The media has spoken endlessly about the sexual orientation of Buttigieg, but not every Democratic activist is impressed. Barney Frank thinks the main reason he's getting this amount of attention is because he is gay. And for some, being a gay man just means you're a man, which isn't good enough.

When you base your vote on a candidate's genitals, things can get confusing.

Other headlines:

3. Kamala Harris: 68.6 (Last week: 1st / 69.1)

CANDIDATE PROFILE

There are a couple of ways to view the Harris candidacy so far.

#1 - Harris launched with much fanfare and an adoring media. She has since lost her momentum. Mayor Pete and former Mayor Bernie have the hype, and Kamala is fading.

#2 - Harris is playing the long game. She showed she can make an impact with her launch, but realizes that a media "win" ten months before an important primary means nothing. She's working behind the scenes and cleaning up with donations, prominent supporters, and loads of celebrities to execute an Obama style onslaught.

I tend to be in category 2, but I admit that's somewhat speculative. Harris seems to be well positioned to make a serious run, locking up more than double the amount of big Clinton and Obama fundraisers than any other candidate.

One interesting policy development for Harris that may hurt her in the primary is her lack of utter disgust for the nation of Israel. There's basically one acceptable position in a Democratic primary when it comes to Israel, which is that it's a racist and terrorist state, existing only to torture innocent Palestinians.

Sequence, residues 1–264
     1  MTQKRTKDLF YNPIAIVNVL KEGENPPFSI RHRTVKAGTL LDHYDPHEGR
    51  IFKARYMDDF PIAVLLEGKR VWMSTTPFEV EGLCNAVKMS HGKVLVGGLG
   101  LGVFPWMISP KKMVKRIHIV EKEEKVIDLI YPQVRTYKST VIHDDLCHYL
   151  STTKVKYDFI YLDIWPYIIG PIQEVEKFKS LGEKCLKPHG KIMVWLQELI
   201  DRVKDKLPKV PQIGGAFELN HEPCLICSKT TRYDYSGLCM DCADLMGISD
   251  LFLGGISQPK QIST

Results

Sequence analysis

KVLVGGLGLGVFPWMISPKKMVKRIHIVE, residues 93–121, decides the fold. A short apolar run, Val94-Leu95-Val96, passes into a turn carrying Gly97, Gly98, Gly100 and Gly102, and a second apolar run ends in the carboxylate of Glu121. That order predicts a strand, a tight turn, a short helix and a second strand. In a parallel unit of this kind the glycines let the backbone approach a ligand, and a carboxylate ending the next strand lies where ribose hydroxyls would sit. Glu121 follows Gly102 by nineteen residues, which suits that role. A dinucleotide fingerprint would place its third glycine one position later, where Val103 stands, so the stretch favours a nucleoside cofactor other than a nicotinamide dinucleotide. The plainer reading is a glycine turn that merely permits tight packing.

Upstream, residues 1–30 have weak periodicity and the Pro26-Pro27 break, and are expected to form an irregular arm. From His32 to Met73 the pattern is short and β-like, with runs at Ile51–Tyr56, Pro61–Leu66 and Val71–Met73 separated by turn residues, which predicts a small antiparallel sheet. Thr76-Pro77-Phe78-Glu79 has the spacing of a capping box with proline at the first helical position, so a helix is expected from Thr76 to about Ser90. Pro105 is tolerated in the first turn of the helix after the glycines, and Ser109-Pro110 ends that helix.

Certainly no one is going to mistake Harris for Donald Trump, but a paragraph like this is poison to the modern Democratic primary voter:

"Her support for Israel is central to who she is," Harris' campaign communications director, Lily Adams, told McClatchy. "She is firm in her belief that Israel has a right to exist and defend itself, including against rocket attacks from Gaza."

Just portraying the rocket attacks as "attacks" is controversial these days for Democrats, and claiming they are responses to attacks indicates you think the Jeeeewwwwwwwws aren't the ones responsible for the start of every hostility. Heresy!

Someone get Kamala a copy of the 'Protocols of the Elders of Zion' before she blows her chance to run the free world.

2. Bernie Sanders: 69.2 (Last week: 2nd / 68.3)

CANDIDATE PROFILE

If Bernie Sanders hates millionaires as much as he claims, he must hate the mirror. As a millionaire, it might surprise some that he donated only 1% to charity. But it shouldn't.